A temporary military council, Dergen, took power in Ethiopia in 1974. Parliament was disbanded and the imperial family and other aristocracy’s possessions were nationalized, along with private companies and large tracts of land. Up to 1977, there was a riot in the coup officers and various Marxist groups. Major Mengistu Haile Mariam emerged from the bloody power struggles as victor, and after a period of 1977-79 with “red terror” in which 10,000 opponents were killed, Mengistu became Ethiopia’s undisputed ruler.

Threatening military defeats to rebel movements in both Ogaden, supported by Somalia, and in Eritrea were initially stymied by massive support from Ethiopia’s new allies, the Soviet Union, Cuba and the other eastern bloc, which also provided support when the Ogaden conflict developed in 1978 to an actual war with Somalia, which Ethiopia emerged as victorious. With financial help from this, Mengistu launched a socialist-inspired development program, but he never got away with the extreme poverty of the rural population, the growing food deficit or the pervasive rebel and liberation movements in, among other things. Eritrea, Tigers and among the Oromans.

Renewed drought and widespread famine in the mid-1980’s further undermined belief in Mengistu’s rule. In 1987, the rebel army Tigrean Peoples Liberation Front (TPLF) took over control of the entire Tigre province. In Eritrea, Eritrean Peoples Liberation Front (EPLF) was in the offensive. With the disintegration of the Soviet Union, military and financial support ceased and the days of the Mengistur regime appeared to be talking. On May 21, 1991, Mengistu fled to Zimbabwe, the more than 400,000-strong army of Africa, Africa’s largest, disintegrated and the rebel movements captured Addis Ababa.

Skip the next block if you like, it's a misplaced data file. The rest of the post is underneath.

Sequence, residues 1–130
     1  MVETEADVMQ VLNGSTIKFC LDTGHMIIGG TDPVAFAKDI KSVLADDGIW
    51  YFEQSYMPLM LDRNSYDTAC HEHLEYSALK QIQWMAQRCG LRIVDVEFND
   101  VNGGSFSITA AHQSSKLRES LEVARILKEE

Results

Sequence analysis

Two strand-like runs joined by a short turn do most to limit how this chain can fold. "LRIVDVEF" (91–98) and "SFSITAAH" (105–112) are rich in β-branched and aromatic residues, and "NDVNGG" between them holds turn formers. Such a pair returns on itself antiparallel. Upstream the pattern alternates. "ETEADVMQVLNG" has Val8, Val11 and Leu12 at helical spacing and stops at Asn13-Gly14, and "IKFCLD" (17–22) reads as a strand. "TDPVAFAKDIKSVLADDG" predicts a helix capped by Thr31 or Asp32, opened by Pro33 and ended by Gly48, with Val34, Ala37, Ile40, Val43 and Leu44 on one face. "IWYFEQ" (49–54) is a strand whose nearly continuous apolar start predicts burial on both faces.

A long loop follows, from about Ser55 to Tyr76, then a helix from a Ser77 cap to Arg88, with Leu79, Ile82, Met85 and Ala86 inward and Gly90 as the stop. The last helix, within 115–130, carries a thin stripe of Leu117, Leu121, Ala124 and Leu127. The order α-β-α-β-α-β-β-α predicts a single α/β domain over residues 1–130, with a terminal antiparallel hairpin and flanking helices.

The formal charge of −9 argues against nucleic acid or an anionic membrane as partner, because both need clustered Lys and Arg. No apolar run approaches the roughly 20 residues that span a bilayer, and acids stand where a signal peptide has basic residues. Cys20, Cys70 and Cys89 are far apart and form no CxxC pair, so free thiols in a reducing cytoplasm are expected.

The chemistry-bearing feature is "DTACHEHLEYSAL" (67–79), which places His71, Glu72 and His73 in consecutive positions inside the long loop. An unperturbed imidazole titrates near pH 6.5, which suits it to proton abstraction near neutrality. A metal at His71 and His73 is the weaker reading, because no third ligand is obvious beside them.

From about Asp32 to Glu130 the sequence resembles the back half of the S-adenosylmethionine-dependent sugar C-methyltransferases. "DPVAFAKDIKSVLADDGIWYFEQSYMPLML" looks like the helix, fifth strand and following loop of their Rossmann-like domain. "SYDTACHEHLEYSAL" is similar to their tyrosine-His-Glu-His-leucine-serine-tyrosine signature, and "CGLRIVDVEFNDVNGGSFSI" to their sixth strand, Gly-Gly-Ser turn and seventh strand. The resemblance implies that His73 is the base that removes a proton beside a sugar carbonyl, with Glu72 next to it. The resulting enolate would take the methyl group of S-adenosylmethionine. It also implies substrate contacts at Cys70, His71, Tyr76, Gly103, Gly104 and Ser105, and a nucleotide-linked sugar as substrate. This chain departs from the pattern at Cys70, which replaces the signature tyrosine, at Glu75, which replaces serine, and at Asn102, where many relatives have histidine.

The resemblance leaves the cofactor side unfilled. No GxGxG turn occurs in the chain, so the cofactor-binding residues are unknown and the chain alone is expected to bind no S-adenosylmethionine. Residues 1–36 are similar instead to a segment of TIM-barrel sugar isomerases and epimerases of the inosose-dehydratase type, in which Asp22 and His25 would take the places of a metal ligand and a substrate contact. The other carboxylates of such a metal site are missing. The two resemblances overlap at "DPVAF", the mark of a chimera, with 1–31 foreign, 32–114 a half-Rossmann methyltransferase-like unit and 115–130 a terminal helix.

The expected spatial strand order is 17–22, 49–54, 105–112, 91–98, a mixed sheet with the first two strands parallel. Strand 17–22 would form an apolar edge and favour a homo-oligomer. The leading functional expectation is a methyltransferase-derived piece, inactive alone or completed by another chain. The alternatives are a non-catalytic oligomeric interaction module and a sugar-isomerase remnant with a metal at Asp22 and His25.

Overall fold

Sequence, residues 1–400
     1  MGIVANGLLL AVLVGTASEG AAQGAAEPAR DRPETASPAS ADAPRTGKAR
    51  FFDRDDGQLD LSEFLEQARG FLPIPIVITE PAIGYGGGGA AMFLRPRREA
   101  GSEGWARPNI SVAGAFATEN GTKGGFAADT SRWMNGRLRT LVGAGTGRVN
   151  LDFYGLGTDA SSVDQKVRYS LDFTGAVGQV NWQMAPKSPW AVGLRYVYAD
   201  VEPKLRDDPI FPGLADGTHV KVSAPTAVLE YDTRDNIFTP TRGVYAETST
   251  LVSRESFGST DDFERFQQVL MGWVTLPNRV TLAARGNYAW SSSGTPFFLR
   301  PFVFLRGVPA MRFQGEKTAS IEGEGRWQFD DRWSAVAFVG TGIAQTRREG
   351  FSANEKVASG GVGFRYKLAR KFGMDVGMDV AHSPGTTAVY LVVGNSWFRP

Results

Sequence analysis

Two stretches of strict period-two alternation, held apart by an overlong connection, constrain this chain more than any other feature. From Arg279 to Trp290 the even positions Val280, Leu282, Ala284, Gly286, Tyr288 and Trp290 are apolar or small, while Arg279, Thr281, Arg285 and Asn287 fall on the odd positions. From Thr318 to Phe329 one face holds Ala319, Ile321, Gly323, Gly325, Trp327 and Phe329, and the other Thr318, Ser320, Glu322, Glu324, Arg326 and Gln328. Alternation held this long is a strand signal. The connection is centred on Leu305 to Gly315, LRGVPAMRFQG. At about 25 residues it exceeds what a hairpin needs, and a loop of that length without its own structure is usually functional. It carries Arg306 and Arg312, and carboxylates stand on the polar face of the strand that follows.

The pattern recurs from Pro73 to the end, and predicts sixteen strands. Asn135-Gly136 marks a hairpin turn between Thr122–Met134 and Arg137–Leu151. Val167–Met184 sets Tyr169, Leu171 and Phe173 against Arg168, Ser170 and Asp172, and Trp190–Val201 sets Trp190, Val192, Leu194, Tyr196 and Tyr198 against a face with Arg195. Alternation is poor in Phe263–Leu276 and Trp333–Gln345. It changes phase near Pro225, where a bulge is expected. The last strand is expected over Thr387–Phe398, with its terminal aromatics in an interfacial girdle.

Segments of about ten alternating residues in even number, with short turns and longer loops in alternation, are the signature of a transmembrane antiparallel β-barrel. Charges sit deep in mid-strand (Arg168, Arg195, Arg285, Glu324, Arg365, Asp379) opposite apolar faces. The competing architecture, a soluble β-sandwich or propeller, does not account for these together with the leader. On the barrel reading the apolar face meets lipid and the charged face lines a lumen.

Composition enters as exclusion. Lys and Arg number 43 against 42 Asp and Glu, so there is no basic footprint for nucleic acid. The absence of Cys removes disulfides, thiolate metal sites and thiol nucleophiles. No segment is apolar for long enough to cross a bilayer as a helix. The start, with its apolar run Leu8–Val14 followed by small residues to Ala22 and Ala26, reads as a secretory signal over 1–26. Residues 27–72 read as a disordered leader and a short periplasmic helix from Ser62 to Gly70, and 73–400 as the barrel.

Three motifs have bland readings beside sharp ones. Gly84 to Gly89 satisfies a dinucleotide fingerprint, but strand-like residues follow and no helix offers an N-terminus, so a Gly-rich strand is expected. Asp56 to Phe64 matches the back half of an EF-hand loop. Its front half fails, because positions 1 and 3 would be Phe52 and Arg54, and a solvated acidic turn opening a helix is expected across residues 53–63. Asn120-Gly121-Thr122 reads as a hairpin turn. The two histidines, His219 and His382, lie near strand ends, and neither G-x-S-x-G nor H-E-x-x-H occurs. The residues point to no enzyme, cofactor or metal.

Since the 1990’s

The EPLF assumed power in Eritrea, which since 1991 has been ruled as an independent state. Eritrea’s independence was confirmed by a 1993 referendum in Eritrea and among Eritreans in Ethiopia. In the 1990’s, the country was initially on good terms with Eritrea, while relations with Sudan were strained. However, in 1998-99 it came to an open war with Eritrea on a disputed area by the town of Badme. The war culminated in February 1999 in a bloody battle in which Ethiopian forces conquered the city. The UN negotiated a peace in place in 2000.